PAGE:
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The exact cause of warts (planter wart, verruca) is not clearly understood

Plantar warts are small, rough, round growths that are medically known as verrucae and occur on the hands and feet. They’re caused by a virus called the Human Papilloma Virus (HPV) and are often contracted in childhood. Once you’ve contracted the virus, you’ll always have it in your system, so plantar warts may spontaneously recur throughout your lifetime.

What are the signs and symptoms?

Plantar warts are relatively small and often have a rounded but grainy appearance. You may develop one wart or many at the same time. Other signs include:


  • Small black pinpoint dots (clotted blood vessels)

  • Bumps on the surface of the warts

  • The lines of the skin of the foot go through the wart, not around the wart like with corns

  • Callus may cover the wart if it’s in a weight bearing area

  • Pain on pinching the wart from the sides

  • Pain when walking if it is on a weight bearing area, otherwise it may be barely noticeable

What causes plantar warts?

The HPV virus is the cause of plantar warts and is spread through direct contact. If you have a break in the skin, like a small cut or graze, then you may contract the virus through sharing the same surface like a shower or a floor. Once you contract the virus, it may take months for the wart to develop.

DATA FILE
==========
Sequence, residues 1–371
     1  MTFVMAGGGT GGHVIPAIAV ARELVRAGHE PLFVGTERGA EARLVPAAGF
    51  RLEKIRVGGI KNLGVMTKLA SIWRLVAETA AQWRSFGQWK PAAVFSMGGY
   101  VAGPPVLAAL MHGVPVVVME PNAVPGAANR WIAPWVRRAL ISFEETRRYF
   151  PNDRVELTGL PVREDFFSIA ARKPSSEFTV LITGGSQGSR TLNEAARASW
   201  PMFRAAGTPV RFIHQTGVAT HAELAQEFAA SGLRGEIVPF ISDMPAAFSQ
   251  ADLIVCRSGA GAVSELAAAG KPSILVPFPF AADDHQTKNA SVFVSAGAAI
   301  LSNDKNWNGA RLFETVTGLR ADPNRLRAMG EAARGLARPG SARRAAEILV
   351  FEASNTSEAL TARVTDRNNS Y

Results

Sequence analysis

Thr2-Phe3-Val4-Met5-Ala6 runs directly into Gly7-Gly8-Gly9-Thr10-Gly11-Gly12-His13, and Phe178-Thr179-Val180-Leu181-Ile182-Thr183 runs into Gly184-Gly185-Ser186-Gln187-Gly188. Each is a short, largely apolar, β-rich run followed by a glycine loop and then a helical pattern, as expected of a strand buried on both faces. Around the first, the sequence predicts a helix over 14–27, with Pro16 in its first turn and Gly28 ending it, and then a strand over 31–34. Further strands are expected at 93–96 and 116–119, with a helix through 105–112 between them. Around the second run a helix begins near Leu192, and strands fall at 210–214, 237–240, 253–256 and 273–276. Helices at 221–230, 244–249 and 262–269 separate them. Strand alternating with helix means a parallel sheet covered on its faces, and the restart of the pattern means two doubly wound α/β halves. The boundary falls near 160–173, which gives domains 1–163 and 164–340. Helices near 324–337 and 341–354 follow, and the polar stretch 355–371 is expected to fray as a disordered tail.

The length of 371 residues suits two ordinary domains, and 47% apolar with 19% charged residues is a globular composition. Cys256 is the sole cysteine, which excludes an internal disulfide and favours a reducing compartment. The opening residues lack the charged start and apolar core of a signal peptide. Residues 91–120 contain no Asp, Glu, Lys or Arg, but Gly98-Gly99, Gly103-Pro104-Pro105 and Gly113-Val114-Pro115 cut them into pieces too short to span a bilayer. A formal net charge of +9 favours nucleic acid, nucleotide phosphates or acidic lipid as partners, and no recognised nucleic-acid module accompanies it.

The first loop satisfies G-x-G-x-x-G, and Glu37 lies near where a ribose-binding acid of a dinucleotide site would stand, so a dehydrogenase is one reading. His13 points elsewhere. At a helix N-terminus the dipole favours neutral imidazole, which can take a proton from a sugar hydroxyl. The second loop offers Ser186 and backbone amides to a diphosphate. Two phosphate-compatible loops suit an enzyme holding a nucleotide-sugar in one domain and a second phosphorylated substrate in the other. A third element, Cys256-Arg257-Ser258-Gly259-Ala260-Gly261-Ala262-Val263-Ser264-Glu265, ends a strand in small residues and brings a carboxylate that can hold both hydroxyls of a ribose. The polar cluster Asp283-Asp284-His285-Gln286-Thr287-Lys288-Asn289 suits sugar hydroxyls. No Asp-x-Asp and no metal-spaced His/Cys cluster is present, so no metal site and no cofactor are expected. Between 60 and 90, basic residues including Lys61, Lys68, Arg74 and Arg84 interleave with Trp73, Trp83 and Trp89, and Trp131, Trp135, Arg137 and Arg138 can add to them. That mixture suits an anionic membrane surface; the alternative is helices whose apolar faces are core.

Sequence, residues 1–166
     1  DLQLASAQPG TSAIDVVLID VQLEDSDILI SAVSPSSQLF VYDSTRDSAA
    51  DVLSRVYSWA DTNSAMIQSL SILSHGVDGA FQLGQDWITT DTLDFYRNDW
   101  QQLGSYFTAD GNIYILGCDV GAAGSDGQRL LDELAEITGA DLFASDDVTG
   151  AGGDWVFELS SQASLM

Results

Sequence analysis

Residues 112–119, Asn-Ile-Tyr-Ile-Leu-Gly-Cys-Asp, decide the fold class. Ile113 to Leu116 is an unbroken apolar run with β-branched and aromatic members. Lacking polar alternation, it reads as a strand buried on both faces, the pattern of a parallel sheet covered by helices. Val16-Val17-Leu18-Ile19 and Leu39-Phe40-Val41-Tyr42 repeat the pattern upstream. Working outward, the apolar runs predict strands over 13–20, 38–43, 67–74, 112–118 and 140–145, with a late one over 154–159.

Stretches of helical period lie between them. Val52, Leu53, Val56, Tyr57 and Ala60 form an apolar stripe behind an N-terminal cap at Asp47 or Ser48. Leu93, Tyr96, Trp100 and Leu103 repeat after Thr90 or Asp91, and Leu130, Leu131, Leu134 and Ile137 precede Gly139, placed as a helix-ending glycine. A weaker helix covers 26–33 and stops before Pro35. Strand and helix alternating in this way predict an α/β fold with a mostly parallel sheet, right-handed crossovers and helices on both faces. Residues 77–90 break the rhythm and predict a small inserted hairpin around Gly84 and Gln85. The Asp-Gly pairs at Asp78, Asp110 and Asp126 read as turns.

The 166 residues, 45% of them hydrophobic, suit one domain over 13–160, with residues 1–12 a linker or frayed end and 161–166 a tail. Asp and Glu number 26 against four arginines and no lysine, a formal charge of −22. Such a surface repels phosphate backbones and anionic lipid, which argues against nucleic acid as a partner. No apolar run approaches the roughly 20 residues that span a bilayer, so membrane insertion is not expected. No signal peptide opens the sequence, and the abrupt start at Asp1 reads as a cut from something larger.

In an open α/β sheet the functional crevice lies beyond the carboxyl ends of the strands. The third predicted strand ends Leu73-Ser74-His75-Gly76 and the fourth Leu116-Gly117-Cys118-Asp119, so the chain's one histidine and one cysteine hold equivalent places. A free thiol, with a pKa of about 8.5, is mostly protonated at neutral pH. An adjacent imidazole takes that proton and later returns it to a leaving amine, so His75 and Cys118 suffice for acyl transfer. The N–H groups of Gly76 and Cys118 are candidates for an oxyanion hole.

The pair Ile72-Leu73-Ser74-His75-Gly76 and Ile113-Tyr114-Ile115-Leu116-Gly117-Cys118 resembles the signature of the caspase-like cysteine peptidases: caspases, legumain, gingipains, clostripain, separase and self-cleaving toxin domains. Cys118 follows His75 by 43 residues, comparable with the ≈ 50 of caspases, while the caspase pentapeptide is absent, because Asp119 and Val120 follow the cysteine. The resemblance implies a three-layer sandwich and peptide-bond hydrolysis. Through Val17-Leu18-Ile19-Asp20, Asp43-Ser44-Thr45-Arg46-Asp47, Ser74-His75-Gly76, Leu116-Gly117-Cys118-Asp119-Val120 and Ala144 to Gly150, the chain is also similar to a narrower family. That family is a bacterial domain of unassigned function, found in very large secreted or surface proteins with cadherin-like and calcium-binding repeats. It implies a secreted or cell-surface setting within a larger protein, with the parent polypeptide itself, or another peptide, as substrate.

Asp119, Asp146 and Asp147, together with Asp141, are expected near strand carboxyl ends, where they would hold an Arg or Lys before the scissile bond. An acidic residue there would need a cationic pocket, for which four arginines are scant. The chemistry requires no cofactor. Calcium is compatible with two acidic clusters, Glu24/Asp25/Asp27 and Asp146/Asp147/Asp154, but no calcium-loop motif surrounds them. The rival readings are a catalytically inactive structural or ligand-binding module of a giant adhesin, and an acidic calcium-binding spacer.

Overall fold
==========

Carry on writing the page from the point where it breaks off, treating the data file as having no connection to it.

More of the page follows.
Immune systems do respond differently and not everyone that comes in contact with the virus will develop plantar warts. Similarly, a weakened immune system may make you more susceptible.

Managing plantar warts at home

If your wart is not causing you any pain or discomfort, you may not wish to treat it. Warts can resolve on their own, though sometimes this can take years. 


Over the counter wart pads are available from the pharmacy, however, we cannot recommend using these as they contain an acid that does not differentiate between healthy tissue and wart tissue. This means that it can cause a chemical burn to the healthy skin surrounding the wart. 


If you have a systemic condition like diabetes, you should definitely avoid using these pads and see your Podiatrist for treatment, guidance and best long-term outcomes. This is because diabetes puts you at risk for complications and problems with healing.


When managing plantar warts, it is important that you ensure that you have an accurate diagnosis, as corns and warts share many similar features and can be mistaken for one another. This is where your Podiatrist can confirm the diagnosis so that appropriate treatment can be implemented.

How your Podiatrist can help

As plantar warts are a virus, they can be difficult to treat and can recur spontaneously. Your Podiatrist will discuss with you the suitable treatment options for you based on your medical history. Treatments can include:


  • Topical chemicals and medications such as salicylic acid

  • Silver nitrate

  • Dry needling

  • Cryotherapy, or freezing the warts off

  • Heat therapy, or burning the warts off

  • Surgery to remove the wart

Need a trusted Podiatrist in your area that can help? click here

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